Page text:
I thought the scenery changes were one of the best things about the production. It was done seamlessly. Edward Hall's vision is complex, there is a lot going on in this play, and some of the scene shifts are done in seconds. The later battle scenes are done with devices such as shining torches into the audience, which hides entrances and exits, or flashes of lightning. Earlier ones, such as the banquet scene, are achieved by cast members bringing on tables and chairs - adding to the atmosphere of the *domestic* nature of the preparations.
The lighting was stunning. Once again, the
banquet scene stands out. It was lit eerily, white light, the
goblets on the table shining in an other-worldly fashion. The
people arrive, and it's as though we've faded in from a supernatural
world back into the *real* one.
The whole play is about contrasts between reality and vision, natural and supernatural, so it worked brilliantly with the plot.
The scene is timeless. I don't normally like modern dress productions, but this one was so totally transformed from traditional Shakespeare, and wasn't overtly *modern*. Impressions: Timeless, Another place, Military, Stark, Dark. I reckon almost every Macbeth production is described as dark, but this one was Physically dark. Lots of black, illuminated by vivid shafts of light.
I know other people have described them as such, but the uniforms were not remotely SS to me, they looked like standard RAF issue. :)
Samantha B's costumes had something of the fairy story in them, a couple of 1930's bias cut slinky affairs, the others like a 1940's version of the period costume. All high collars and A line flowing skirts. It was certainly NOT modern dress. Think of the Evil Queen in Snow White.
The short hair is necessary. Give Sean long hair, and people would compare this to "Sharpe" on stage. The Buzz cut goes with the role. Sean's Macbeth can only have that one haircut.
Fights - stunning. Sean really can fight well. Exhausting, totally exhausting. And no one flunked. He dies very, very well. :)
If I have to give a favourite scene, it will have to be one straight from Edward Hall's imagination: The coronation scene, a contrivance, but a necessary one. Visually completely, utterly utterly, perfect. Macbeth and his perfect Queen. Like one of those Victorian mock-medieval Gothic paintings. A pre-Rapahaelite sort of look. Pride cometh before a fall, but Macbeth has his moment of Glory. Every micro-inch the king. Look what you have, Scotland. Duncan was kindly, his son is a wet fish: Macbeth may be ultimately evil, but my goodness he can appear as the Consummate King. This man had the potential to be the Greatest Good, or the Greatest Evil. It's a pivotal moment in the plot, and is the final scene before the interval. From here, it's all down - but just see, audience, how it *could* have been. A huge Scottish lion drops down on a flag, and it works perfectly.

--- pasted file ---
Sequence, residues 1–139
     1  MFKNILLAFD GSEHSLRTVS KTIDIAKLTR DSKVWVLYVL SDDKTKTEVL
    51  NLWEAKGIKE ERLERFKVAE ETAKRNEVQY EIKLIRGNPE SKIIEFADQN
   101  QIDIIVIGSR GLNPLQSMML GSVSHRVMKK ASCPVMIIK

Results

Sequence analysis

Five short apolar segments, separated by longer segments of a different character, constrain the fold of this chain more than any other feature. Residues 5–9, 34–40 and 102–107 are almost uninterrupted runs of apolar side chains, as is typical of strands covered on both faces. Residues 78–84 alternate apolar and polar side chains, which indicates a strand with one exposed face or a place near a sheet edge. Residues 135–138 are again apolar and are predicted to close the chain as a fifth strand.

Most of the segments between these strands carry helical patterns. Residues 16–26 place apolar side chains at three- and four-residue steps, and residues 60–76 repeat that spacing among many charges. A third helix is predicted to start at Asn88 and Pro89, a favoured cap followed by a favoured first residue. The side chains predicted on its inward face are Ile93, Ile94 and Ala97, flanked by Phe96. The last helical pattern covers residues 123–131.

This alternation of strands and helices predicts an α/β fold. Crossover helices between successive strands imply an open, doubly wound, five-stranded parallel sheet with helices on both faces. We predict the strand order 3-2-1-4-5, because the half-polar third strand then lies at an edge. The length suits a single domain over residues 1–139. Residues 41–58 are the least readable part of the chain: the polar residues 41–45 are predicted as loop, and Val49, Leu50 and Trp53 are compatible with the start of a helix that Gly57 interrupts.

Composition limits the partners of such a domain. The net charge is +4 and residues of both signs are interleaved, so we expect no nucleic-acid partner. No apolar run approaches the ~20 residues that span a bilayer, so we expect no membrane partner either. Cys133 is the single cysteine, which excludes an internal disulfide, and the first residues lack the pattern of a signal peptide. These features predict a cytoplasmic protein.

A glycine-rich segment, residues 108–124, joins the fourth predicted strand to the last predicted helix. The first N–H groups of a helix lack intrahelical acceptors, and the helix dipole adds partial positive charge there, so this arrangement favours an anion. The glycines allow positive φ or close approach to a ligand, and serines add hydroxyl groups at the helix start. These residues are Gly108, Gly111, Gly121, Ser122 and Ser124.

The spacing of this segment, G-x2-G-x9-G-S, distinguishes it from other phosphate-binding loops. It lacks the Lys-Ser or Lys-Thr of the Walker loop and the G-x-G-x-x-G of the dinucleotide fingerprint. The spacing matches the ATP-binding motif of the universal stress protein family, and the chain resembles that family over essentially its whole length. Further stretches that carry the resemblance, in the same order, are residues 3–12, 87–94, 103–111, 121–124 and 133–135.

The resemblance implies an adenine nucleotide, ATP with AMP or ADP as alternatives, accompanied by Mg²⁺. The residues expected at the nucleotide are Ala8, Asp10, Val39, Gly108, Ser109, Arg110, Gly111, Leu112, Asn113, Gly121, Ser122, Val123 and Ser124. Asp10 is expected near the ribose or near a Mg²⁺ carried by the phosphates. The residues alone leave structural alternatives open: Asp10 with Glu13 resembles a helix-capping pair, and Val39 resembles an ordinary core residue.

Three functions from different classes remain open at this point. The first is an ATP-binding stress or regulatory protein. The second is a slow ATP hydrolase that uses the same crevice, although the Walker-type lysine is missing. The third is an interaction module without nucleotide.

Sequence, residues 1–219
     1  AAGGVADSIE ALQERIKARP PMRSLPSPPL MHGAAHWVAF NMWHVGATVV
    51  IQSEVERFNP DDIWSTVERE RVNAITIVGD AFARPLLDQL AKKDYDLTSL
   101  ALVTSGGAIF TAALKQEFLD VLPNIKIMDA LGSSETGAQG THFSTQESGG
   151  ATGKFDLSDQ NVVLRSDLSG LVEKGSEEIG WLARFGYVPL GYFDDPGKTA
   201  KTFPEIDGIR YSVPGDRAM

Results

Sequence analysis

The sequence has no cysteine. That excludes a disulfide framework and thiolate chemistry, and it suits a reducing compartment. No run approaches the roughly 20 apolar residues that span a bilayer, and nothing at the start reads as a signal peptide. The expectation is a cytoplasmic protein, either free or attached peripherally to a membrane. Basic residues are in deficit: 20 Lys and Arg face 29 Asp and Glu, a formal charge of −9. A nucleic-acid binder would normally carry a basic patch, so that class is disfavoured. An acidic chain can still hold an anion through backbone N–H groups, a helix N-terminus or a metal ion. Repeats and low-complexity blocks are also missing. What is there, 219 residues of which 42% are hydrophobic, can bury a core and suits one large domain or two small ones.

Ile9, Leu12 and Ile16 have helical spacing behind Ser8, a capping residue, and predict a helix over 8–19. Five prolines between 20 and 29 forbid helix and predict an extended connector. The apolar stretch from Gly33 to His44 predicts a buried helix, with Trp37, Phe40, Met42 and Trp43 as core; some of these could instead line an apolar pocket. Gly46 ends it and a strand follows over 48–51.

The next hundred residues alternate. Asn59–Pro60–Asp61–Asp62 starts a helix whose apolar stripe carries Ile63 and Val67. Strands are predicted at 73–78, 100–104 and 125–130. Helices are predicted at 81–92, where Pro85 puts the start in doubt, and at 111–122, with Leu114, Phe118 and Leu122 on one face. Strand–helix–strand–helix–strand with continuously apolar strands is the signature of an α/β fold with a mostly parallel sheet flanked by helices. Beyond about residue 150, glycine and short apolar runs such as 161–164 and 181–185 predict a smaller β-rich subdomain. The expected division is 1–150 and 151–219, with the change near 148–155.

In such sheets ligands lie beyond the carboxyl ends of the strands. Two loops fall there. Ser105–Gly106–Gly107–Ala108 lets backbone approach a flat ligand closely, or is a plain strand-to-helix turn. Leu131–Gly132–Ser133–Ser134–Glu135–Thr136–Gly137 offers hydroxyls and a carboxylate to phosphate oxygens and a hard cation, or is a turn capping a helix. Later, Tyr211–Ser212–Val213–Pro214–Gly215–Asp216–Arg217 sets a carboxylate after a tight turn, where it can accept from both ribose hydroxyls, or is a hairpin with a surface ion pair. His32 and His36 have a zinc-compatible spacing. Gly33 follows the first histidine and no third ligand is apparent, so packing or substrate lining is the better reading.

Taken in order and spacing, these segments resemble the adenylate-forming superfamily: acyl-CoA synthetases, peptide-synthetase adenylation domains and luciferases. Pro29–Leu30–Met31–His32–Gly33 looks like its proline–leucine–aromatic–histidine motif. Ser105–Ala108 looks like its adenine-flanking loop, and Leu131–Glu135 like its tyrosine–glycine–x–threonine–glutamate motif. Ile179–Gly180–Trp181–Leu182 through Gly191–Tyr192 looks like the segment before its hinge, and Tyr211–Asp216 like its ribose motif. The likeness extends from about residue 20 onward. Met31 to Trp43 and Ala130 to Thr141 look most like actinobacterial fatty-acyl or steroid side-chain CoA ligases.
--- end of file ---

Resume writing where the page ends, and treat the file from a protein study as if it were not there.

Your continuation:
Final soliloquy scene, Sean doing his "Tomorrow and tomorrow and tomorrow....it is a tale told by an idiot, full of sound and fury, signifying nothing." Spoken; like all the soliloquies, direct to the audience. Masterful. For this one, he sits in a chair, and assumes a totally, utterly despondent pose. It's all completely pointless. (Not the scene- how Macbeth sees his life!!). He finishes "full of sound and fury, signifying NOTHING."
Sean's natural voice and accent was the only one he could have done this role in. Trying to do RP with the speed and passion of how some of his lines were delivered would have been well nigh impossible. I remember watching rehearsals for a scene during the filming of Extremely Dangerous in Manchester, and seeing how totally immersed Sean became when the cameras finally rolled for a take. It was just like that - Sean didn't just get into the role, He FLUNG himself into it. It was such an utter pleasure to see him perform in a whole production through from beginning to end, rather than a *constructed* thing like a film or TV show which is filmed in bits over a long period. I am sure he absolutely loves the role as well, the sheer pleasure from the applause at the end was all over his face - an exhausted but brilliantly beaming smile. Such feedback is so rare when you are doing films and TV.
The final irony has to go to the "credits"
page of the Macbeth Program. There are "thanks" to various
parties, and then "Grateful thanks": including The Wessex
Bed Company. For that Witches scene, Sean, my utter, and complete,
Ultimate Thanks. I applaud you.